A Luminous Halo

"Life is not a series of gig lamps symmetrically arranged; life is a luminous halo, a semi-transparent envelope surrounding us from the beginning of consciousness to the end." --Virginia Woolf

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Location: Springfield, Massachusetts, United States

Smith ’69, Purdue ’75. Anarchist; agnostic. Writer. Steward of the Pascal Emory house, an 1871 Second-Empire Victorian; of Sylvie, a 1974 Mercedes-Benz 450SL; and of Taz, a purebred Cockador who sets the standard for her breed. Happy enough for the present in Massachusetts, but always looking East.

Tuesday, January 23, 2007

Screenwriting Group

I am a member of the Northampton Screenwriters' Group, which ordinarily confines itself to scripts for movies and television, as opposed to theater. (That's the "screen" in screenwriting.) This week, however, we gave the floor to playwright Ezra LeBank, who wanted to workshop his new play, Fresh Air.

At meetings of my poetry group, we each read a piece and others critique it. Since screenplays are typically longer than poems, that format would be unwieldy for the Noho group. So each screenwriting meeting focuses on one writer. That person presents a complete draft, one act, two short pieces--whatever he or she wants help with. Everyone else contributes suggestions, speaking parts, or whatever's needed. The presenter is also responsible for refreshments.

Ezra had a complete draft and mainly wanted to hear it read. Wade Wofford, founder of the group, has an actors' group as well, and pulled some readers from it. Because Ezra is a graduate student at Smith, he scored a meeting room in Smith's gorgeous Mendenhall Center for the Performing Arts. Fifteen or twenty people showed up.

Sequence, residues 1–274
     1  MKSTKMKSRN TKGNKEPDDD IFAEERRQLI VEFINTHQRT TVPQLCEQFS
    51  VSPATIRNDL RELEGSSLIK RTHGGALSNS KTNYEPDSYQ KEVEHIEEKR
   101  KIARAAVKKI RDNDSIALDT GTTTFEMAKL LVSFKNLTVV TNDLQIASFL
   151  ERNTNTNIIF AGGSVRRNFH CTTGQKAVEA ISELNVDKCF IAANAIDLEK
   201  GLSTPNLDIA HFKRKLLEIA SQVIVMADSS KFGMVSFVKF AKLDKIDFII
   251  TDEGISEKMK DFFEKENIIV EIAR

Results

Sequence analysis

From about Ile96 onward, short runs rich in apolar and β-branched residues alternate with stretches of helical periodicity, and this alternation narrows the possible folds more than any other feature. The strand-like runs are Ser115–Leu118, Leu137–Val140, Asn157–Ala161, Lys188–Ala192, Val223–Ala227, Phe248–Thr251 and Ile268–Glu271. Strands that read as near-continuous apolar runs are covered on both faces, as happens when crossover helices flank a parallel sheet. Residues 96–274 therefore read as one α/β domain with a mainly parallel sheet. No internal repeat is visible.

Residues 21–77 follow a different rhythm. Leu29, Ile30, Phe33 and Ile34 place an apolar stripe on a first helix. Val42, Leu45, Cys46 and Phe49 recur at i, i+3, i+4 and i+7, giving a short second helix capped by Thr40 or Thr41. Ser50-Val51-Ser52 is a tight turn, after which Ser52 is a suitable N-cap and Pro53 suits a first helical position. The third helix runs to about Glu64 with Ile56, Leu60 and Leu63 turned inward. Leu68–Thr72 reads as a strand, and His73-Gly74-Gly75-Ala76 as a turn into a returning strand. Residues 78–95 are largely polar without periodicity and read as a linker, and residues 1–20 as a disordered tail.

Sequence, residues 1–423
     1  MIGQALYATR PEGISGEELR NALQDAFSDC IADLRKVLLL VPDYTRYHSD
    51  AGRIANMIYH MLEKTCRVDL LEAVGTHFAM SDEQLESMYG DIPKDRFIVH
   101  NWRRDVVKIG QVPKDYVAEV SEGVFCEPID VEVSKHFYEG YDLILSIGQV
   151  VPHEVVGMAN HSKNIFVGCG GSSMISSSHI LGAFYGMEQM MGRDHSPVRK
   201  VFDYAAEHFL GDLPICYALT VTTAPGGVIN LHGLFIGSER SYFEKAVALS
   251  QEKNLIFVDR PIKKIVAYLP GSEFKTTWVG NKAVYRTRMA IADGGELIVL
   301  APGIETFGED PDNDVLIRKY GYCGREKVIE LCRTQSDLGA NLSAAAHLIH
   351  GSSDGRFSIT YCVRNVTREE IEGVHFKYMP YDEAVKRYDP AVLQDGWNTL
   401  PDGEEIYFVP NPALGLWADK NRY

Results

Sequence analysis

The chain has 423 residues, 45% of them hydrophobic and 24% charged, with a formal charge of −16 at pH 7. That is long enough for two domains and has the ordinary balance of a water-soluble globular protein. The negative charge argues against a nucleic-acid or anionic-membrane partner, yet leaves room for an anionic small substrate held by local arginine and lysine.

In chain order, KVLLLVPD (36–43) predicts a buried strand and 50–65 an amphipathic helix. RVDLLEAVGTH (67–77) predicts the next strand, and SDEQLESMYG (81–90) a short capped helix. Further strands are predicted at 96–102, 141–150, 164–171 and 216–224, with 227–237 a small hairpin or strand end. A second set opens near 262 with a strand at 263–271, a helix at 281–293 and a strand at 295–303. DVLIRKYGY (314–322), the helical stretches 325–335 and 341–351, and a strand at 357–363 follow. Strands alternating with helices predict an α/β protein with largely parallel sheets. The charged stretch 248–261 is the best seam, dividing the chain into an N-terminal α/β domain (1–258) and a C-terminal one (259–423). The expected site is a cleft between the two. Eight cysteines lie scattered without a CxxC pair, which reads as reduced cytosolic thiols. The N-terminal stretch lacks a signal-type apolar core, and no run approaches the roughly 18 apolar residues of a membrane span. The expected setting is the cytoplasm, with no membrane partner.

This is a pretty new group, and Wade's still working out the kinks. Ezra's play took almost an hour and a half to read. We didn't break until after the full read. With the preliminaries, that took us to over two hours. Snacks were some soda, juice, and chips. Outside it was starting to snow. A pot of hot coffee--the real thing, with caffeine--would have hit the spot.

After the break, we discussed the play. A number of people didn't stay till the end (three and a half hours is a long time for a meeting on a weeknight), but I did. I was more interested in the critique than in the play itself. Some of the comments seemed goofy to me, but Wade's were right on the money.

Wade, who's new to the area, was fairly wowed by the Mendenhall Center, and eager to lock in a room there on a regular basis. Or find another roomy, convenient spot. Next time, we're scheduled to meet at the Media Education Foundation, but they don't allow too many continuous bookings. Packard's, a congenial Noho bar, has a back room available to groups, but the room's not very big.

Will the screenwriters find a home? Will the format get ironed out? Will the refreshments improve? Will Cicily have anything to present by spring? Stay tuned.

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